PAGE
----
29 ‘terrorists’ may also be charged criminally with violations of other laws, not only ATA

Published May 13, 2021, 1:57 PM

by Jeffrey Damicog

Department of Justice

Criminal charges, not only for violations of the Anti-Terrorism Act (ATA), may be filed against 29 persons who have been designated terrorists, Department of Justice (DOJ) Undersecretary Adrian Ferdinand S. Sugay said on Thursday, May 13.

“With regard to other actions against the designated individuals, if it can be determined that they violated relevant provisions of the ATA, the Revised Penal Code, and other laws and after appropriate proceedings, criminal complaints may be filed against them,” Sugay said.

“This is apart from criminal cases already pending against many of these designated individuals,” he said.

He also said that under ATA, those who have been designated as terrorists will also get their assets frozen by the government and the Anti-Money Laundering Council (AMLC) is tasked with identifying what assets should get frozen.

“With regard to the identification of assets, all relevant information is with the AMLC and is subject to relevant provisions of the Anti-Money Laundering Law and the Terrorist Financing and Suppression Act,” he explained.

The 29 persons designated “terrorists” are led by Communist Party of the Philippines (CPP) founder Jose Maria “Joma” C. Sison.

Sugay said that in identifying the persons to be designated as terrorists, the Anti-Terrorism Council (ATC) “followed its internal mechanism for designation.”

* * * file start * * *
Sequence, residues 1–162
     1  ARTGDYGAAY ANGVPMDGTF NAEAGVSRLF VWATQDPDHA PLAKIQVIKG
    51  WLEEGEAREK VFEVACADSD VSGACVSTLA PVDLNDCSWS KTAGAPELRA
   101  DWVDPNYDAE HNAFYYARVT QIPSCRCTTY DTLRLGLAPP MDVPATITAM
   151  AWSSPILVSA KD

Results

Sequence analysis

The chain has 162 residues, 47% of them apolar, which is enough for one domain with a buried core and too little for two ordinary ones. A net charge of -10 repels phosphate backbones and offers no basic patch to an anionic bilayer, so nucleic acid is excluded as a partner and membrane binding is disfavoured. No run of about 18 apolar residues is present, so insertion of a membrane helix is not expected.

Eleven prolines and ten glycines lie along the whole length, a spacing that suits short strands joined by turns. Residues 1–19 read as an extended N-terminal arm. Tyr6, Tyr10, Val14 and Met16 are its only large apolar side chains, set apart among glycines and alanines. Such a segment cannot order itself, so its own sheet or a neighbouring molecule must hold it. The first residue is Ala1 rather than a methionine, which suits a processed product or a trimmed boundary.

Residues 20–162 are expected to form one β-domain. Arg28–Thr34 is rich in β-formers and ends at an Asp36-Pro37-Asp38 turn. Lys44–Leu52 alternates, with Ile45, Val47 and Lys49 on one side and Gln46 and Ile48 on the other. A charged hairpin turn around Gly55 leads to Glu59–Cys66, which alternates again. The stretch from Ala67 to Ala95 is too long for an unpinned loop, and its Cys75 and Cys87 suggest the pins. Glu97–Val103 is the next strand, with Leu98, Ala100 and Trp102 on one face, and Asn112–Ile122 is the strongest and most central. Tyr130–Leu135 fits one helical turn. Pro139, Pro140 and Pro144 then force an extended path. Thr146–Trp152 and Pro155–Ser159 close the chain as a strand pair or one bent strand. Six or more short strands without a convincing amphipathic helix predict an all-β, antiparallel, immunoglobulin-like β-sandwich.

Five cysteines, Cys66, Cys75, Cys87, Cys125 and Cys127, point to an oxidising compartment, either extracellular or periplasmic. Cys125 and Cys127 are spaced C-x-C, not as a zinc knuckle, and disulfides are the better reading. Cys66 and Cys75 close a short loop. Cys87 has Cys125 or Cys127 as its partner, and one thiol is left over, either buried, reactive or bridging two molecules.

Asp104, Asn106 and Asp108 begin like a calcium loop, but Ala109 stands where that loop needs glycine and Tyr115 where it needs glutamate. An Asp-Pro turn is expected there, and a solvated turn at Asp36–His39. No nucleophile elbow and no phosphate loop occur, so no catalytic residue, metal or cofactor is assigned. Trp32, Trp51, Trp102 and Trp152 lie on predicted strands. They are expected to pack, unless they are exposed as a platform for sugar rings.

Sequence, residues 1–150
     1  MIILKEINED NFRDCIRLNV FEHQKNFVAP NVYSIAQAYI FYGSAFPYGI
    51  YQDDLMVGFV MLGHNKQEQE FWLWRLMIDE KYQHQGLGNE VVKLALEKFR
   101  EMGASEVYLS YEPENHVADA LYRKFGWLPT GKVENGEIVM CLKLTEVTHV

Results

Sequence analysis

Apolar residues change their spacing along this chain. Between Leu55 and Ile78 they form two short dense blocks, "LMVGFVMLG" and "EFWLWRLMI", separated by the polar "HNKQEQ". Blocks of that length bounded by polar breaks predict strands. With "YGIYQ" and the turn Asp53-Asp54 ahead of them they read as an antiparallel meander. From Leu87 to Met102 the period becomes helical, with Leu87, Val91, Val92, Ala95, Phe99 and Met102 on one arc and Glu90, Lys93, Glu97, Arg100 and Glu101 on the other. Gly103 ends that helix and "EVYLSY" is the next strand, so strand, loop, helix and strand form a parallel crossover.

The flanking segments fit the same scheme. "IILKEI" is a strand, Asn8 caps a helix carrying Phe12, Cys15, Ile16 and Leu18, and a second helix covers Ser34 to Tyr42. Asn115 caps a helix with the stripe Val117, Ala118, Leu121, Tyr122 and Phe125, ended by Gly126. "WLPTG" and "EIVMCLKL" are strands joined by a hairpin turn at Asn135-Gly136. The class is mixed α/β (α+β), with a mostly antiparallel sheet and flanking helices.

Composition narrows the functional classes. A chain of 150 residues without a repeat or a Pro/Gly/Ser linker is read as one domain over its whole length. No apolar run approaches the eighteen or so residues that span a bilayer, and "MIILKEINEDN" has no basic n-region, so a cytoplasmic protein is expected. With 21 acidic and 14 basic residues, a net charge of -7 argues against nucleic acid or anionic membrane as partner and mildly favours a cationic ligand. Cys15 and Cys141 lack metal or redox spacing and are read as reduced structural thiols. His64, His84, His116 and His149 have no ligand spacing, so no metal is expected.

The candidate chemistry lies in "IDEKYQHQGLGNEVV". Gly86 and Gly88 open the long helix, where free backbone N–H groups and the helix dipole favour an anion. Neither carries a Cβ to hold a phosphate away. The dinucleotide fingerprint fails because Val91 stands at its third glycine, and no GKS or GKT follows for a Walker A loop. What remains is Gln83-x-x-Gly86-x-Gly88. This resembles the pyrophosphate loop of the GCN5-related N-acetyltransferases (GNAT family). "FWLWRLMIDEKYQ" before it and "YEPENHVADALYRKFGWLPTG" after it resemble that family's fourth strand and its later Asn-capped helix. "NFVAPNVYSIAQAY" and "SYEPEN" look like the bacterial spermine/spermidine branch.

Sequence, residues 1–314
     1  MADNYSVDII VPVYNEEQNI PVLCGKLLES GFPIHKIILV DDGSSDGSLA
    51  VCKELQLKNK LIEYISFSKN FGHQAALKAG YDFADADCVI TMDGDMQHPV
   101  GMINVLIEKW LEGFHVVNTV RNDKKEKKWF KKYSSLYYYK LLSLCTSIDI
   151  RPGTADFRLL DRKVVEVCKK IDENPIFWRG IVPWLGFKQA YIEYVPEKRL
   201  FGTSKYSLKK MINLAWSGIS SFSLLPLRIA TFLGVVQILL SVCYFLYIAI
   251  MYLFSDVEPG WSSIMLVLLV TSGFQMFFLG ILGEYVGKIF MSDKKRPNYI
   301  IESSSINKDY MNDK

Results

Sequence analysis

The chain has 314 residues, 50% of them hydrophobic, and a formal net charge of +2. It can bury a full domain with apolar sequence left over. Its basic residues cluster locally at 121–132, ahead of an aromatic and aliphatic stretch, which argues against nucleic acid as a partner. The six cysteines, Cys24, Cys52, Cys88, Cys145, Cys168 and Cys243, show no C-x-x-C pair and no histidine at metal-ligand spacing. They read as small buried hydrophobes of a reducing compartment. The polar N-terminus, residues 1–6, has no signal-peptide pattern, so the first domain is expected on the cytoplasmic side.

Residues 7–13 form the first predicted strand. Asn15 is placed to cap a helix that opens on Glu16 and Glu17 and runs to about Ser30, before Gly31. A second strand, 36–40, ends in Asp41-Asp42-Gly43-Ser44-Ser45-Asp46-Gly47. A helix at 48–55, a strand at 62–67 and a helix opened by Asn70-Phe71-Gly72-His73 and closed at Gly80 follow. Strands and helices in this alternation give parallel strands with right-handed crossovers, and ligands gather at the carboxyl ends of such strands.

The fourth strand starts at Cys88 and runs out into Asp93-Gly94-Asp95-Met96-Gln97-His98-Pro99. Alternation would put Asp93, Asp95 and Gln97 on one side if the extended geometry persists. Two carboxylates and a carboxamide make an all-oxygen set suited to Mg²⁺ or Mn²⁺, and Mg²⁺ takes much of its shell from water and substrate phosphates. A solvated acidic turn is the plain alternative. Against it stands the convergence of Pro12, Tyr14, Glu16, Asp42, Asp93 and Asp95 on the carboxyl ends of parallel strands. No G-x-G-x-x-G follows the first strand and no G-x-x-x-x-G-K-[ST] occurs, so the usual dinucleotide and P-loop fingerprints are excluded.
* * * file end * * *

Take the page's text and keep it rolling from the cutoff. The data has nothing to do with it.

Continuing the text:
“The matter was first referred to a TWG (technical working group) for purposes of evaluating the basis for the designation,” he said.

“The TWG then referred its recommendation/s to the council for the consideration/adoption,” he added.

The government made public the names of the 29 persons designated as terrorists after National Security Adviser Hermogenes C. Esperon Jr., vice chairperson of the ATC, signed ATC Resolution Nos. 16 and 17 dated February 24, 2021 and April 17, 2021, respectively.

Resolution No. 17 designated Sison and 18 other individuals identified with the CPP and its armed wing, the New People’s Army (NPA).

Also included in Sison’s group are Vicente Portades Ladlad, Rafael De Guzman Baylosis, Jorge Madlos, Julieta De Lima Sison, Rey Claro Cera Casambre, Abdias Guadiana, Alan Valera Jazmines, Benito Enriquez Tiamzon, Wilma Austria-Tiamzon, Adelberto Albayalde Silva, Ma. Concepcion Araneta-Bocala, Dionesio Micabolo, Myrna Sularte, Tirso Lagora Alcantara, Pedro Heyrona Codaste, Tomas Dominodo, Ma. Loida Tuzo Magpatoc and Menandro Villanueva.

While, Resolution No. 16 named 10 persons as terrorists including Esmael Abdulmalik, an alleged Islamic State (IS) fanatic connected with the Dawlah Islamiyah (DI).

Also tagged as terrorists in the resolution are nine other individuals affiliated with either the DI, Abu Sayyaf Group (ASG), or the Bangsamoro Islamic Freedom Fighters (BIFF). They are Raden Abu, Esmael Abubakar, Muhiddin Animbang, Salahuddin Hassan, Radzmil Jannatul, Majan Sahidjuan, Faharudin Bonito Hadji Satar, Mudsrimar Sawadjaan, and Almujer Yadah.